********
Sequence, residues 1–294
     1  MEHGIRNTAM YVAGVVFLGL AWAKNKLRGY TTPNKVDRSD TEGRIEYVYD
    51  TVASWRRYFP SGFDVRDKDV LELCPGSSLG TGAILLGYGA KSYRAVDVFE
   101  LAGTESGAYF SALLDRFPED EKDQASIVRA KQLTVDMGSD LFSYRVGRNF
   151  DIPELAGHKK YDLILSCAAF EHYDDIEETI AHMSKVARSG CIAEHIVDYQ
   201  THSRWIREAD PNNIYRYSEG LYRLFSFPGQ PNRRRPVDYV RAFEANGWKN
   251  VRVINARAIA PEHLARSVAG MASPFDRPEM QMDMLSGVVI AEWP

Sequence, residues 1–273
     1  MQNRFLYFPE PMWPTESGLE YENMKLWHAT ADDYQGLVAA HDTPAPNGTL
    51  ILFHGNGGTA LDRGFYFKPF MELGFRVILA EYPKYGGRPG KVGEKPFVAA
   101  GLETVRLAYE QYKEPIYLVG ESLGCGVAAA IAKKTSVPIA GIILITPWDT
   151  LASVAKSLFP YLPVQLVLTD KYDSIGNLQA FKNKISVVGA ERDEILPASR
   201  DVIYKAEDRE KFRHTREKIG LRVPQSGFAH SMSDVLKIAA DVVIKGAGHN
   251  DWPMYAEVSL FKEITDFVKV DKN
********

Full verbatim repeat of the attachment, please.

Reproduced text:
Sequence, residues 1–294
     1  MEHGIRNTAM YVAGVVFLGL AWAKNKLRGY TTPNKVDRSD TEGRIEYVYD
    51  TVASWRRYFP SGFDVRDKDV LELCPGSSLG TGAILLGYGA KSYRAVDVFE
   101  LAGTESGAYF SALLDRFPED EKDQASIVRA KQLTVDMGSD LFSYRVGRNF
   151  DIPELAGHKK YDLILSCAAF EHYDDIEETI AHMSKVARSG CIAEHIVDYQ
   201  THSRWIREAD PNNIYRYSEG LYRLFSFPGQ PNRRRPVDYV RAFEANGWKN
   251  VRVINARAIA PEHLARSVAG MASPFDRPEM QMDMLSGVVI AEWP

Sequence, residues 1–273
     1  MQNRFLYFPE PMWPTESGLE YENMKLWHAT ADDYQGLVAA HDTPAPNGTL
    51  ILFHGNGGTA LDRGFYFKPF MELGFRVILA EYPKYGGRPG KVGEKPFVAA
   101  GLETVRLAYE QYKEPIYLVG ESLGCGVAAA IAKKTSVPIA GIILITPWDT
   151  LASVAKSLFP YLPVQLVLTD KYDSIGNLQA FKNKISVVGA ERDEILPASR
   201  DVIYKAEDRE KFRHTREKIG LRVPQSGFAH SMSDVLKIAA DVVIKGAGHN
   251  DWPMYAEVSL FKEITDFVKV DKN